Freeze kills dozens in eastern Europe
Freezing weather has killed dozens of people in central and eastern Europe over the past few days and temperatures are set to drop even further, authorities warned on Monday.
In Poland, police said 10 died over the weekend as temperatures plunged to minus 27 degrees Celsius (minus 16 Fahrenheit), raising the death toll from exposure to 46 since the start of the winter, which had been unusually mild up till now.
Ukraine's health ministry said 18 people have died of hypothermia in the last four days. Most of them were homeless who froze to death in the streets or old people who died in their flats or after hospitalisation.
Nearly 500 people sought medical help for frostbite and hypothermia in just three days last week, the emergency situations ministry said. Authorities have opened 1,500 shelters to provide food and heat, as temperatures plunge to 30 degrees below zero Celsius in some regions of the country.
Police also reported that at least three people died of exposure over the weekend in the Baltic state of Lithuania. A 91-year-old woman and a 78-year-old man were among the victims.
In the Czech Republic, a 26-year-old man was found frozen to death in a field near the eastern town of Opava on Saturday.
Forecasters have warned temperatures are likely to plunge to minus 30C (minus 22F) in the country this week, after hitting minus 20C (minus 4F) in some places Sunday.
In Bulgaria, five died in snow storms last week, local media reported Monday as a Siberian cold front hit the Balkan country with temperatures dropping to minus 24C (minus 11.2F) in some places. Most were elderly people who lost their way and were left stranded out in the cold.
The towns of Chirpan in the south and Sevlievo in the centre recorded the lowest temperatures early Monday, at minus 24 and minus 23.4C (minus 11.2 and minus 10.1F) respectively, the national weather service said.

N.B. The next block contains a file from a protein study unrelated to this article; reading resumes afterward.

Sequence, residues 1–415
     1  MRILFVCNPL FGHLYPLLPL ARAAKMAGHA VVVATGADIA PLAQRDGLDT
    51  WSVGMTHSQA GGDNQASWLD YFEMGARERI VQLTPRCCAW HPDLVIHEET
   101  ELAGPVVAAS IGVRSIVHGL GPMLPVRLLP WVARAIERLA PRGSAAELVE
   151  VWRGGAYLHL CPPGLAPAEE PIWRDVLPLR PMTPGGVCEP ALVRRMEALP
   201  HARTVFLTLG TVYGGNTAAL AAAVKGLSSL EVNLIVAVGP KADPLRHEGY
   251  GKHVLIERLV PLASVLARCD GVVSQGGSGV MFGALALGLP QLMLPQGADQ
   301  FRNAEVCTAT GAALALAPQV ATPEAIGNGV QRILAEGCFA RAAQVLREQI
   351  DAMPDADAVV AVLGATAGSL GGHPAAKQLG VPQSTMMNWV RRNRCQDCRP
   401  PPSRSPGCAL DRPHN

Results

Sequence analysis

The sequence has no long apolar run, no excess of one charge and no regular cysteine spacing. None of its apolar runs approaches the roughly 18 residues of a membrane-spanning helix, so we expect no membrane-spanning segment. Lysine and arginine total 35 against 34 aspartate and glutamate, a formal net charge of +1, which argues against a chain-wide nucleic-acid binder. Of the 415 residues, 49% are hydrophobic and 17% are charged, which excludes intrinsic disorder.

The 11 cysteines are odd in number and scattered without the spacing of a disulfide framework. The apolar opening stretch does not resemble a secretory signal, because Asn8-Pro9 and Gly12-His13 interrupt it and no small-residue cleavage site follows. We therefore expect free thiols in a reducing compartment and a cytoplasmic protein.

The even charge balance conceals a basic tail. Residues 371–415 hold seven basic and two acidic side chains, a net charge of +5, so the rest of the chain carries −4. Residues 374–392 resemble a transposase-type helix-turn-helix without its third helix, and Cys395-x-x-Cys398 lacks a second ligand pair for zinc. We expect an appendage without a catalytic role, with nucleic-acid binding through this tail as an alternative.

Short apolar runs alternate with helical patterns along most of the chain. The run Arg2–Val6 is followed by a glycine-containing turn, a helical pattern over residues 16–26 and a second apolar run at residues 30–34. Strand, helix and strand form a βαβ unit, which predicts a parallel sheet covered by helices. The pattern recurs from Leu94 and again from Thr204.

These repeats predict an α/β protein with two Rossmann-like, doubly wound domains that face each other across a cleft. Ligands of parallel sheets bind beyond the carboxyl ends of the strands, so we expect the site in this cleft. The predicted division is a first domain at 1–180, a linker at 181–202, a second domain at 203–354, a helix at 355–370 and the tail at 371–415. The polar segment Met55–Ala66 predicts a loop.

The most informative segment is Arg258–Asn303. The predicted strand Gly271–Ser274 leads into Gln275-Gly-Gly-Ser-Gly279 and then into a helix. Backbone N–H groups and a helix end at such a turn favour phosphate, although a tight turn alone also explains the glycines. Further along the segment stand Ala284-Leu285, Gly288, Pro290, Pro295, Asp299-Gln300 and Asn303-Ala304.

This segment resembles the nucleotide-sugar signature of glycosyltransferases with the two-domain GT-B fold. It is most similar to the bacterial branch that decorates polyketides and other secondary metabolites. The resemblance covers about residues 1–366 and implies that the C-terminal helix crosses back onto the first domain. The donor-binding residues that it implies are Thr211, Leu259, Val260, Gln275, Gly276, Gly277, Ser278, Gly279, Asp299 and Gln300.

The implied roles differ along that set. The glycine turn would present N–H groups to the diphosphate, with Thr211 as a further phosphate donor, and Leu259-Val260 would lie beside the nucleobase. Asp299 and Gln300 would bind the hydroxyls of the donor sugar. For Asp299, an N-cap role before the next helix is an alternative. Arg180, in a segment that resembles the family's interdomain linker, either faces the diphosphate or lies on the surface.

It forecast that the mercury would drop even further in the next few days.
Four more people died over the past 24 hours in Romania, the health ministry said, raising the overall death toll to six.
In Serbia, three died of hypothermia over the weekend, the Tanjug news agency said Monday.
In the Valjevo region, some 80 kilometres (50 miles) south-west of Belgrade, a 49-year-old woman was found dead by workers clearing snow on a road and a 52-year-old man died close to his home in the village of Bobovo.
An 81-year-old woman was found dead in her own home in the village of Taor, Tanjug said.
Heavy snowfalls, that seriously disrupted road traffic and power supplies, ceased on Monday but the country was still experiencing a fierce cold snap as temperatures fell to minus 20C (minus 4F) overnight in central Serbia.
Heavy snowfall blanketed Turkey's commercial hub Istanbul, a city of 15 million, on Monday, paralysing daily life and disrupting air and land transport.
Officials said almost 200 flights were cancelled due to the snow expected to continue until late Tuesday, while hundreds of people were stuck in private vehicles or public transport.
Turkey is facing a severe winter and temperatures in the capital Ankara are expected to fall as low as minus 15C (plus 5F) in the next couple of days.
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